Sweet Grass Restaurant
We have been looking forward to SweetGrass Restaurant opening for some time now. There are three ways to get anywhere in Bloomington, and one of our most frequent routes has us driving by the “Sweet Grass Restaurant Coming Soon” sign at least twice a day. And we checked, twice a day, for indications of the restaurant opening—lights being on inside, and then a few weeks after that, seeing the bar lit up with bottles of rum and vodka lining the walls, and then finally the sign of signs:
My new neighbor.
It just so happens that my new neighbor is quite friendly and came over to our house on her move in day to share in our joy of lighting sparklers on the 3rd. After showing her our place, and she showing us hers (and sharing some disappointments in how the builder chose to finish both of our places), her boyfriend told us he was one of the chefs at SweetGrass, and told us it would be opening the following Tuesday, after the holiday!
We went opening night, knowing full well that, being a soft opening, there were going to be some kinks in the system. However, service was fast, friendly and pleasant. We were seated immediately, taking in the ambiance of the place as we were escorted to our (tiny) bistro table. The restaurant was comfortably occupied, as more patrons coming in as we ate to fill the remaining tables. We were seated in what turned out to be an awkward space–not really in the restaurant with everyone else, and not really in this strange nook area near the bar that had a black leather couch and two armchairs that also had tables for dining, and not really at the bar……close to the kitchen, but far away…. it was awkward enough that I can’t fully explain it, because it didn’t make much sense.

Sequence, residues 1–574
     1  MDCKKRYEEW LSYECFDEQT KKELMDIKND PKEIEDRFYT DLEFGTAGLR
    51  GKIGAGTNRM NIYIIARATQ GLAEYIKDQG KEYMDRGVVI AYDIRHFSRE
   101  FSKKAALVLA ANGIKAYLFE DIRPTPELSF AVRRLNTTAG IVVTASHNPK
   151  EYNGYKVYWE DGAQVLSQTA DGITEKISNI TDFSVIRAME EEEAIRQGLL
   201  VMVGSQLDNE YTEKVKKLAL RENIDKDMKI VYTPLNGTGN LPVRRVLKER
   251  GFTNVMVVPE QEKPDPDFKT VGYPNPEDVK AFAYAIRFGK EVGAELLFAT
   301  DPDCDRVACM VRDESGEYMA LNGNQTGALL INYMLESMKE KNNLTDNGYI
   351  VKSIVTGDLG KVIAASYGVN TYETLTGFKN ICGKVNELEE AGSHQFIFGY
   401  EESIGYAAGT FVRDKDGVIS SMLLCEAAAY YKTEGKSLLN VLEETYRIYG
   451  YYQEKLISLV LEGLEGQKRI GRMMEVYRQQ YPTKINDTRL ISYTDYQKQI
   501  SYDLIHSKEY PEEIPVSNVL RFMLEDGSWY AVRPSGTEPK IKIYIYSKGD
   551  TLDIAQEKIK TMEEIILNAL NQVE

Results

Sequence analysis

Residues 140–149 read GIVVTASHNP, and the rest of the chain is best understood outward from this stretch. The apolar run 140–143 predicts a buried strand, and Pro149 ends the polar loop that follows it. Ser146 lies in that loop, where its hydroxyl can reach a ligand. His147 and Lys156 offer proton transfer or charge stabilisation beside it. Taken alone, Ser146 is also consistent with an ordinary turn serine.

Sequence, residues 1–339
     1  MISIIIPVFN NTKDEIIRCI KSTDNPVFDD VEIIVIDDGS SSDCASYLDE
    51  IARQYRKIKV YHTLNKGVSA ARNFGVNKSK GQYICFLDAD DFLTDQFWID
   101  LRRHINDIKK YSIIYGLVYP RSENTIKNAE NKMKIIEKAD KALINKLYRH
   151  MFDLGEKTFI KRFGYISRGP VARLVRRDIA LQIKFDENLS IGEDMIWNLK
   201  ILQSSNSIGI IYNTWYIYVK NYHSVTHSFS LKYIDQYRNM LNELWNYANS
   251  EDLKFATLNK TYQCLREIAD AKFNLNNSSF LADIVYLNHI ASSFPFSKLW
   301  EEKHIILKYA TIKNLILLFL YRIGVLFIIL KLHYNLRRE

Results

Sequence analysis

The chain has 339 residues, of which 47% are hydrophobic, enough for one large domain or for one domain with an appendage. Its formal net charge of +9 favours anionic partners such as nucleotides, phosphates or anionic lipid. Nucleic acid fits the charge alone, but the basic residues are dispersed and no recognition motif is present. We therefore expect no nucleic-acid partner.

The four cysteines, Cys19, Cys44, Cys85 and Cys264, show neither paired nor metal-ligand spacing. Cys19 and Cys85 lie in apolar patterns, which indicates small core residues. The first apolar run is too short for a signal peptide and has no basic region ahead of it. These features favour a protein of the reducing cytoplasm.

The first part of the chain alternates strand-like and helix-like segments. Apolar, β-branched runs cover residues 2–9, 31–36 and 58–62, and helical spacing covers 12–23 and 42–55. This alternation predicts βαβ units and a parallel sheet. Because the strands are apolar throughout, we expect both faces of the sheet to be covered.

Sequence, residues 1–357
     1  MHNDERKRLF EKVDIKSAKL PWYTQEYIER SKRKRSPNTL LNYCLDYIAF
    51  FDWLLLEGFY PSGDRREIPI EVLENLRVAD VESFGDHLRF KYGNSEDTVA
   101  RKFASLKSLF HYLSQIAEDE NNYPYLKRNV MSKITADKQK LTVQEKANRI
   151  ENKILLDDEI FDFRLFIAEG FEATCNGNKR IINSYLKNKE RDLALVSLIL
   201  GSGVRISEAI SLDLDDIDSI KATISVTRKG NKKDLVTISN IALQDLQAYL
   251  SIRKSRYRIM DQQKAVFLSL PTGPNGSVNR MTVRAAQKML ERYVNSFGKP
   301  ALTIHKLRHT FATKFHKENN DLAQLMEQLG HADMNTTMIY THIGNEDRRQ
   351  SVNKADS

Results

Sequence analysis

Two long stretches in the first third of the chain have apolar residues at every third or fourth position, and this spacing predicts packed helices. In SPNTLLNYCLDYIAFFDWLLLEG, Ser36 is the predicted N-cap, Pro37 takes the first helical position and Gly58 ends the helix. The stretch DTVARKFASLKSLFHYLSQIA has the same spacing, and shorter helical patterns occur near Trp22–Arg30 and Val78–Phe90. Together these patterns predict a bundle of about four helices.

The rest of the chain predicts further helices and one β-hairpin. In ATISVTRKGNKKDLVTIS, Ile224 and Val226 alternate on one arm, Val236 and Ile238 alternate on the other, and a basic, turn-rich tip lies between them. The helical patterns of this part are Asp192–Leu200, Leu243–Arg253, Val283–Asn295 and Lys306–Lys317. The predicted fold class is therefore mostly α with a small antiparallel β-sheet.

The tables were obviously new (ie, they weren’t sticky from years of previous use, and I felt comfortable grabbing the edge of the table and not fearing sticking my fingertips in 20 year old Bubba-licious), and the decor was minimal; a strange Tuscan theme, featuring curly, wrought-iron details scattered at random throughout the open-floor plan restaurant, and paintings/photographs that struck me instantly as something I would find in Olive Garden.
The best seat in the house.... which was beside us.
Don’t get me wrong, the decor was pleasant, but not the “Southern” theme I was expecting, as my new neighbor described the place as such. When he described the menu, and recommended that we try the Shrimp Po Boy sandwich, and the Fried Green Tomatoes, I kind of expected some kind of modern Southern-American fusion restaurant, and I don’t think that’s where we ate. I think it needed a gay man’s touch.